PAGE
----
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Models and Experiments on the Preparation of Silicon Carbide Microporous Membranes

Feng Chen, Babak Fayyaz, Rayan Mourhatch, Muhammad Sahimi, and Theodore T. Tsotsis. Mork Family Department of Chemical Engineering and Material Science, University of Southern California, 925 Bloom Walk HED 216, Los Angeles, CA 90089-1211

Inorganic membranes have been attracting attention for industrial separations, because they work at high temperatures, where polymeric membranes are not capable of functioning [1]. As a result, in recent years there has been a considerable effort for producing high temperature ceramic (alumina, silica, and zeolite) and metal (Pd, Ag, and their alloys) membranes, which exhibit improved properties. They have, so far, all proven unstable, however, for high temperature applications, particularly in the presence of steam. A new type of membrane, which promises to overcome such difficulties, is made of SiC [2], a promising material, with high fracture toughness, good thermal shock resistance, and capable of withstanding high temperatures and corrosive environments. In our previous study we reported using chemical vapor infiltration (CVI) or chemical vapor deposition (CVD) techniques to produce SiC membranes [2]. As a precursor we utilized (C3H7)3SiH (tri-isopropylsilane or TPS) to form SiC on porous alumina substrates. The membranes were characterized for their permeance, selectivity, and hydrothermal stability. Depending on the preparation conditions, the He permeance ranged from 8.06x10e-8 mol/Pa•Sec•m2 to 1.72x10e-6 mol/Pa•Sec•m2 with a He/N2 selectivity from 4 to larger than 100. In this paper we report results of ongoing investigations on the preparation of microporous SiC membranes using CVD/CVI of TPS. For fabricating the membranes we utilize porous SiC disk and tubular supports [3]. Using SiC substrates to prepare the microporous membranes minimizes the difficulties that may arise due to the potential mismatch in the thermal expansion coefficients between the membrane layer and its' support. The focus of our work has been on understanding the CVI/CVD process, and the effect of the various parameters that determine deposition and the characteristics of the resulting membranes. A fundamental understanding of the various physicochemical processes that take place during formation of the SiC film is of vital importance in order to determine and control the final characteristics of the resulting membranes. Our work combines theory and experiments in order to study the various phenomena that take place during membrane formation. We have developed a comprehensive model of the membrane fabrication process which accounts for the reaction, fluid mechanics, and heat and mass transfer processes. The model is solved using the finite-element methods. It predicts teh membrane characteristics (e.g., permeances, porosities), as a function of deposition time and dimension.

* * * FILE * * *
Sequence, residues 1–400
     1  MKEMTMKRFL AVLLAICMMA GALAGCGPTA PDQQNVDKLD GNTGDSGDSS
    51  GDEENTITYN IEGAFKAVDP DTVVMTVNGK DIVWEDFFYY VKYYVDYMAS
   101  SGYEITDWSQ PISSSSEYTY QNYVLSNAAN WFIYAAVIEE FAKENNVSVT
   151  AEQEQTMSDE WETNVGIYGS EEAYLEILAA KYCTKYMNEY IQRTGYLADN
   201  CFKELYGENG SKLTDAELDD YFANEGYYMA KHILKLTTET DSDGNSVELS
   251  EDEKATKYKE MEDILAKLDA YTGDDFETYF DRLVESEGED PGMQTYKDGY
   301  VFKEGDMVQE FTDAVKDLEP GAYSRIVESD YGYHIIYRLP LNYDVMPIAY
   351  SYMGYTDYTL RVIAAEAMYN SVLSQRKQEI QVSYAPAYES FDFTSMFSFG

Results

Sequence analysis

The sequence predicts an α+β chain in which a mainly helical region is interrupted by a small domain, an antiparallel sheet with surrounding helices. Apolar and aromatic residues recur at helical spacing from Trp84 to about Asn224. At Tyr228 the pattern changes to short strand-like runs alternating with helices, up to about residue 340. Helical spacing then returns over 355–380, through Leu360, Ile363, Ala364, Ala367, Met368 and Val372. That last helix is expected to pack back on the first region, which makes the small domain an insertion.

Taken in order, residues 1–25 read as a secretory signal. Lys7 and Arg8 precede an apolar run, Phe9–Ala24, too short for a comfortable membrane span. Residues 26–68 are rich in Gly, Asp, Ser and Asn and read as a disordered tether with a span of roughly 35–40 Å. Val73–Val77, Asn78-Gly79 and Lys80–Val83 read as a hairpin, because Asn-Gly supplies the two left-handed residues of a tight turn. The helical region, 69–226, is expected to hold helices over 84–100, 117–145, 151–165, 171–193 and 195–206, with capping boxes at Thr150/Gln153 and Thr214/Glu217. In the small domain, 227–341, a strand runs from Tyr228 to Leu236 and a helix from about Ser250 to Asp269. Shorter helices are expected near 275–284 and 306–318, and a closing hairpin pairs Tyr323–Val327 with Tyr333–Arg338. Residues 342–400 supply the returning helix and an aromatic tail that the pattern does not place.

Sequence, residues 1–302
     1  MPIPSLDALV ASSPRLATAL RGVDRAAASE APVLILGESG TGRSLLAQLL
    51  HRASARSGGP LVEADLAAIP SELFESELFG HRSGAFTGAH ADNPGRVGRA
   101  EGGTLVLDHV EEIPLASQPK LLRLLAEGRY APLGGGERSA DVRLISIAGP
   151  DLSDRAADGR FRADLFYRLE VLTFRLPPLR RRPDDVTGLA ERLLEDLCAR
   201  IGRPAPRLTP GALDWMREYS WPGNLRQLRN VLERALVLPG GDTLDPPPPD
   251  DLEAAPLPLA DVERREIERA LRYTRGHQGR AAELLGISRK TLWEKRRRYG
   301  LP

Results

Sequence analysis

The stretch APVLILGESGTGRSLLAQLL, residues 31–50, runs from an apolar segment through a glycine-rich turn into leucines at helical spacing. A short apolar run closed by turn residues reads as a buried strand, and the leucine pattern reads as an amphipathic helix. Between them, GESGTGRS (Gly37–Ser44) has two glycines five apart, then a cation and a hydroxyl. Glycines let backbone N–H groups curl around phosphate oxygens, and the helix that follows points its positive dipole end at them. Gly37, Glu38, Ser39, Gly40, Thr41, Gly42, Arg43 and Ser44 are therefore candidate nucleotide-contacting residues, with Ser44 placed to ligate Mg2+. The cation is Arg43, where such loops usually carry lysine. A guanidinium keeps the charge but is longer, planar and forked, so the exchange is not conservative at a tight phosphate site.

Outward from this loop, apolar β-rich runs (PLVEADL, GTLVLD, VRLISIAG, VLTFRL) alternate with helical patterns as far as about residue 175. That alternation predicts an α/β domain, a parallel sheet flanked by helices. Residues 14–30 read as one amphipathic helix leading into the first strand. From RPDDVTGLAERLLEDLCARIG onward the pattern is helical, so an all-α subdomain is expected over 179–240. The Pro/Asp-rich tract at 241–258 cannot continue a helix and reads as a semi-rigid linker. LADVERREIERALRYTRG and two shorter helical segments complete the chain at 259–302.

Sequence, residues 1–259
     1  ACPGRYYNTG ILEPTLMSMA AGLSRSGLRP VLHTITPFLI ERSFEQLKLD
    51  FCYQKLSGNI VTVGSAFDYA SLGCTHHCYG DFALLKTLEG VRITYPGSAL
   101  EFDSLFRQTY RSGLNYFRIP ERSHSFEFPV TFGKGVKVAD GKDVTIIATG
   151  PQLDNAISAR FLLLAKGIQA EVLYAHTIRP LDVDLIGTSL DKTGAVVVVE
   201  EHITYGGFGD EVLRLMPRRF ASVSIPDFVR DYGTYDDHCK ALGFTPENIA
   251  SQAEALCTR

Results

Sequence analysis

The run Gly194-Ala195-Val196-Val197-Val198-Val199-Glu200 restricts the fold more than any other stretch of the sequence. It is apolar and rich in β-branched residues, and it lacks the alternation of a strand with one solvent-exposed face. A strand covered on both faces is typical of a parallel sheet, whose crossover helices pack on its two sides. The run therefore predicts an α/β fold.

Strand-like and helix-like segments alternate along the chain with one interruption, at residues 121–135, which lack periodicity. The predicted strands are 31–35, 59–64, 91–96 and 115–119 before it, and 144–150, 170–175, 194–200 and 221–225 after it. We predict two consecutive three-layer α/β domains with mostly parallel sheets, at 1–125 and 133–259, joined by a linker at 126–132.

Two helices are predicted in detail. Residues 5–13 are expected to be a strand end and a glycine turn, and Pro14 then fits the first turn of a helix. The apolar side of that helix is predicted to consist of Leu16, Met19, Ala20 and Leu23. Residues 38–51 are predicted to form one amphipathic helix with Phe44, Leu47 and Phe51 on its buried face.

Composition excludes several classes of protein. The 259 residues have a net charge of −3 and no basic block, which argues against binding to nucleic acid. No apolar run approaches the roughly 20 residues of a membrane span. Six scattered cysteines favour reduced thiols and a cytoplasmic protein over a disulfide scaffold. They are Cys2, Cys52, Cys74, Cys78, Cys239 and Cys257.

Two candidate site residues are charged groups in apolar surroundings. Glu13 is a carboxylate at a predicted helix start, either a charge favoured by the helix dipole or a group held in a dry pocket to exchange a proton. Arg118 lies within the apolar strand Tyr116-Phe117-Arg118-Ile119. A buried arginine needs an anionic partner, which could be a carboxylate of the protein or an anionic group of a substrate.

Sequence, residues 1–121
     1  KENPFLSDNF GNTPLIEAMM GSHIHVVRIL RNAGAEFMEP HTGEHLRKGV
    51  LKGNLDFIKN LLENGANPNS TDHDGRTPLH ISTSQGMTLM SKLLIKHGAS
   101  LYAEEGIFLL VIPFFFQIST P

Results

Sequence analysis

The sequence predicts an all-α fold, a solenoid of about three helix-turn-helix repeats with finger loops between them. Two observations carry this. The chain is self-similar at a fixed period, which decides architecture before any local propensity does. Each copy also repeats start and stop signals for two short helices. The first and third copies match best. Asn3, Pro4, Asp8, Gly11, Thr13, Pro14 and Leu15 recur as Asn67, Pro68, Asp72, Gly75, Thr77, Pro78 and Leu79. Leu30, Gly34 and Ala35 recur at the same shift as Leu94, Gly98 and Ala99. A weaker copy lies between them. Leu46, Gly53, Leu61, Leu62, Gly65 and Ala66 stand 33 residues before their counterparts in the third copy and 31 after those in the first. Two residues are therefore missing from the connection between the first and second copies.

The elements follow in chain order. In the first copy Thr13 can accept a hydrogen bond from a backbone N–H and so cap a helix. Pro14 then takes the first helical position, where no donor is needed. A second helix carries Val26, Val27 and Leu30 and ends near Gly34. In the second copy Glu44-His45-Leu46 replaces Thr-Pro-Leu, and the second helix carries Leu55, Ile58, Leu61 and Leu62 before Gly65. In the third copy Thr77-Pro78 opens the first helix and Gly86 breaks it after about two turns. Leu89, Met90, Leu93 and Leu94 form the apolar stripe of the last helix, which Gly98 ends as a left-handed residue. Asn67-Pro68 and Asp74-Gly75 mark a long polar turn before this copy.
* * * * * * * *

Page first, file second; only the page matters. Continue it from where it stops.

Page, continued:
[1] Sanchez, J.; Tsotsis, T. T.; 2002. Catalytic membranes and membrane reactors. Wiley VCH.

[2] Ciora, R.J.; Fayyaz, B.; Liu, P.K.T.; Suwanmethanond, V.; Mallada, R., Sahimi, M.; Tsotsis, T.T.; Chem. Eng. Sci. 2004, 59, 4957-4965.

[3] Varaporn Suwanmethanond, V., Goo, E., Liu, P.K.T., Johnston, G., Sahimi, M., Tsotsis, T.T., Ind. Eng. Chem. Res. 2000, 39, 3264-3271.